Boys Lacrosse: Canal Winchester Indians club team working to take next step

Dave Purpura
ThisWeek group
Canal Winchester boys lacrosse coach Victor Paini talks with players during practice April 12.

Victor Paini has seen the growth of lacrosse in Canal Winchester from elementary school-age teams to middle school and high school teams achieving club status in the past few years, but one routine moment further reminded him how far the sport has come.

“A lot of these kids, I started coaching in fifth or sixth grade,” said Paini, president of the Canal Winchester Lacrosse Association and head coach of the high school club boys team. “In our first practice, (junior defender) Garrison (Brinker) drove himself and got out of the car. This is a player I started coaching in sixth grade and to see him drive himself to practice was a weird thing to see. But it’s great.”

Seventeen players comprise the high school team, which in its inaugural season of 2019 was split between Canal Winchester and Grove City students as part of a one-year agreement with the Grove City Lacrosse Club.

The team’s only senior is defender Raquan Clark.

The Indians practiced for a few weeks in 2020 before the season was canceled because of the COVID-19 coronavirus pandemic. They opened this season March 23 with a 10-5 loss at Newark and were 0-4 before playing host to the Wildcats on April 17 at Canal Winchester Middle School.

“We’re not winning all the games, but we’re getting better every day and making huge improvements,” freshman attacker/midfielder Harlee Hanna said. “I can see the attitude on our team changing as we play these teams. We started out really quiet but now we’re starting to pick things up more. We’re ready to play. The growth and learning experience just take time.”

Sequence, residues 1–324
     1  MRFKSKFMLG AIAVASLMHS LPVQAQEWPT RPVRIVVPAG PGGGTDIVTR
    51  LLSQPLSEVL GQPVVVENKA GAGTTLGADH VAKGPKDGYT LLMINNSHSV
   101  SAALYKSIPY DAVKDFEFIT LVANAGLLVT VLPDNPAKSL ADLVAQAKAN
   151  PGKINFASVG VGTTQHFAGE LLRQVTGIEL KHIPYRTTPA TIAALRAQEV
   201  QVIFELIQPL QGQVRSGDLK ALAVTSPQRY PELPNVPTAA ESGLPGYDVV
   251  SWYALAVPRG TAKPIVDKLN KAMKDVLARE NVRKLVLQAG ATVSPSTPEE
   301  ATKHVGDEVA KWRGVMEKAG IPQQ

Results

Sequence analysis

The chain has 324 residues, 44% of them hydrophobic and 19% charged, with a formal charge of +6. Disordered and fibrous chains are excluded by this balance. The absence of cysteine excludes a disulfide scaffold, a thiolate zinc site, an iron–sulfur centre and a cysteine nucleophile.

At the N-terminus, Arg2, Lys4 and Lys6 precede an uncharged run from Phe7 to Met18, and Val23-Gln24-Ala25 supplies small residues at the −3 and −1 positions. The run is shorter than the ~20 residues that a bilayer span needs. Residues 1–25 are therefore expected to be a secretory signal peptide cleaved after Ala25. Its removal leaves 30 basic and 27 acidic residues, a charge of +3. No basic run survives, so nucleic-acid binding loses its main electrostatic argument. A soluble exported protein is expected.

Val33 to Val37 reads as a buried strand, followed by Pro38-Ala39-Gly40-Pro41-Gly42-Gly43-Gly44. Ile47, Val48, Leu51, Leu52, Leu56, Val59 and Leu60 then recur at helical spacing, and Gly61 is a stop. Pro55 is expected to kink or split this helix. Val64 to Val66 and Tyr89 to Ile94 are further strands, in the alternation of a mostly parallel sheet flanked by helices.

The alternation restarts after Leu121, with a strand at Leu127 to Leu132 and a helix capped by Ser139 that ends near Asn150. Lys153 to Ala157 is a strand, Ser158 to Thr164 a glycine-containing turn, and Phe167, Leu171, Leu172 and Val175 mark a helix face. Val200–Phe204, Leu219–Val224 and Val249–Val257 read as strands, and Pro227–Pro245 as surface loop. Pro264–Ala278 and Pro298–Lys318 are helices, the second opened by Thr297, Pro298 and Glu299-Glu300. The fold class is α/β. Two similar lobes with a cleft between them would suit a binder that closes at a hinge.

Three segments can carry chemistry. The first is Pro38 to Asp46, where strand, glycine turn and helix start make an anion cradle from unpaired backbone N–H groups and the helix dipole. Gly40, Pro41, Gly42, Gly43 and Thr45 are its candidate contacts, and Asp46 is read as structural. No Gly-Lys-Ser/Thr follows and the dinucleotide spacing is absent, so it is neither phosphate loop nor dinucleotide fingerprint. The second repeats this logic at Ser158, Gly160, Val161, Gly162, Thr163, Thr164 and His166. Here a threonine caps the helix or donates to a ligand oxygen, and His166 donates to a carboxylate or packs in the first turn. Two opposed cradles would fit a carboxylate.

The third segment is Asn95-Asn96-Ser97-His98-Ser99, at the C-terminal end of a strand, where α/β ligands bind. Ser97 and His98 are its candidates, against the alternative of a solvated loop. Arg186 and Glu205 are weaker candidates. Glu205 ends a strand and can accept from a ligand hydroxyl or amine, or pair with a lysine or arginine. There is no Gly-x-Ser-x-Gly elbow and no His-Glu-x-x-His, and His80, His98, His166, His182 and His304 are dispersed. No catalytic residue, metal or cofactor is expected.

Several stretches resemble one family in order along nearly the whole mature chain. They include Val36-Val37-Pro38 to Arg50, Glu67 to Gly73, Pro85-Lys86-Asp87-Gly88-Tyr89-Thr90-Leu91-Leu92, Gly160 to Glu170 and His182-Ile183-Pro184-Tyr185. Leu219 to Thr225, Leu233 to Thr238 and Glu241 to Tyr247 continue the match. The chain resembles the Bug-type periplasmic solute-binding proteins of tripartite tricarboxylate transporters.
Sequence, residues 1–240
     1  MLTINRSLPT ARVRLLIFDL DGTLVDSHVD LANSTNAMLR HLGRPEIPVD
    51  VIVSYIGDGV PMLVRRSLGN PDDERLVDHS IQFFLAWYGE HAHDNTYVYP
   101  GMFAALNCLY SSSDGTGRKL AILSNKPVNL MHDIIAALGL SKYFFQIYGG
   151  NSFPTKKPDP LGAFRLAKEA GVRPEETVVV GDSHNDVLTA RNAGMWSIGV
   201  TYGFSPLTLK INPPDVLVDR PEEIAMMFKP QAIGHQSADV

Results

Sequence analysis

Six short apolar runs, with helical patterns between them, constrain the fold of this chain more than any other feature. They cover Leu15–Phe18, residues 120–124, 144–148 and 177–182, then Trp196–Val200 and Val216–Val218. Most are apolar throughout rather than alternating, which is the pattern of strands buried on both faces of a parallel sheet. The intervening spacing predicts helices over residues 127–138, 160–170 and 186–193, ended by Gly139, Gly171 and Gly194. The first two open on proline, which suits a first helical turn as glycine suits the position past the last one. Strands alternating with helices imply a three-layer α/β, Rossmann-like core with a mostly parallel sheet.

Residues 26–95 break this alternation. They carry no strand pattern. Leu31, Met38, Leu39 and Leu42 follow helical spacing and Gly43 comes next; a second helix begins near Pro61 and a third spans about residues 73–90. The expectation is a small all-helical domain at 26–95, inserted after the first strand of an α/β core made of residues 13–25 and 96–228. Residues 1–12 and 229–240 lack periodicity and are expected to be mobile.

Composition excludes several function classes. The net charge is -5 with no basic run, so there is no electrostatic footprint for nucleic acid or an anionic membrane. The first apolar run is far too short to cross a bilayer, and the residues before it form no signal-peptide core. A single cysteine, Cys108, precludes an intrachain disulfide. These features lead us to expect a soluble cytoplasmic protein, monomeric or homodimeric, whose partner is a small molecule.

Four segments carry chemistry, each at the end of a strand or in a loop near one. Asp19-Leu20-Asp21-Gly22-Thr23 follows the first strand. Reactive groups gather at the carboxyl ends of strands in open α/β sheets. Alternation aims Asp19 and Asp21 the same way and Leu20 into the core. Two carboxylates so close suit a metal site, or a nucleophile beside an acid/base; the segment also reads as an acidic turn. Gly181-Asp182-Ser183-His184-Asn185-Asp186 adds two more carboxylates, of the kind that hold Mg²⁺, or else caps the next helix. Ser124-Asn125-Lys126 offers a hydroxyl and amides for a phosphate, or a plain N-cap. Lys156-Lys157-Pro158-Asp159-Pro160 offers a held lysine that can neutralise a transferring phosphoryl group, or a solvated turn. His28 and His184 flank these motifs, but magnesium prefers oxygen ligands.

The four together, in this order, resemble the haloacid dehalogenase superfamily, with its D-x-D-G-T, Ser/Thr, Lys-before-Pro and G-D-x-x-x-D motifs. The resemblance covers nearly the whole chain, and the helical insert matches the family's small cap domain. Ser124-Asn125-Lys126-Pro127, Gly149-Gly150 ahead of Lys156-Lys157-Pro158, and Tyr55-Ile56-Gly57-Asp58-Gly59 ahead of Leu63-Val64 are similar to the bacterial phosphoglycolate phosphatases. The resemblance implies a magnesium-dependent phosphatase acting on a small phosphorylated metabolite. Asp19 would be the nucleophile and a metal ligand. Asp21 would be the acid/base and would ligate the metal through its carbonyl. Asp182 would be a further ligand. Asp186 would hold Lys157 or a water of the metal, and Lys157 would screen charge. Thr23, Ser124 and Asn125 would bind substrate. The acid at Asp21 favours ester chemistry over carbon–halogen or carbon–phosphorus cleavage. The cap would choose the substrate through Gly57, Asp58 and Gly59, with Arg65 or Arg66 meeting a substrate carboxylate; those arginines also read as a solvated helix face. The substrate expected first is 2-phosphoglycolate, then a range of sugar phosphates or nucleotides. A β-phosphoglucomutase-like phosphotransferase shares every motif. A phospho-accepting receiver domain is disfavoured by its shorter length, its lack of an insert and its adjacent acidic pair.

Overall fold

Hanna began playing as a fifth-grader after watching college and professional games, including those of the now-defunct Ohio Machine.

Ty Bowman, a sophomore midfielder, attacker and faceoff specialist, took up lacrosse in the fourth grade with CWLA. He also played football but gave that up in middle school after tearing a ligament in his right knee.

“I like the pace and physicality, even though I get injured more in lacrosse than I ever did in football,” Bowman said. “Passing and catching has been our biggest thing. You can’t run an offense if you can’t pass and catch.”

Their stories echo Paini’s experiences. He said area residents occasionally have gathered outside the high school stadium gates to watch practice and added that a sixth-grader and his grandparents recently watched an entire practice from the bleachers.

The Indians are scheduled to play one game at the high school field May 11 against New Concord John Glenn.

“We get to decide what this program is going to be,” Paini said. “It’s more than X's and O’s and being good at lacrosse. We’re going to have a reputation as a program. What do we want that to be? To see these kids step up and lean into some of these leadership characteristics and vision has been great. Those things don’t have anything to do with skill. They have to do with mentality.”

dpurpura@thisweeknews.com

@ThisWeekDave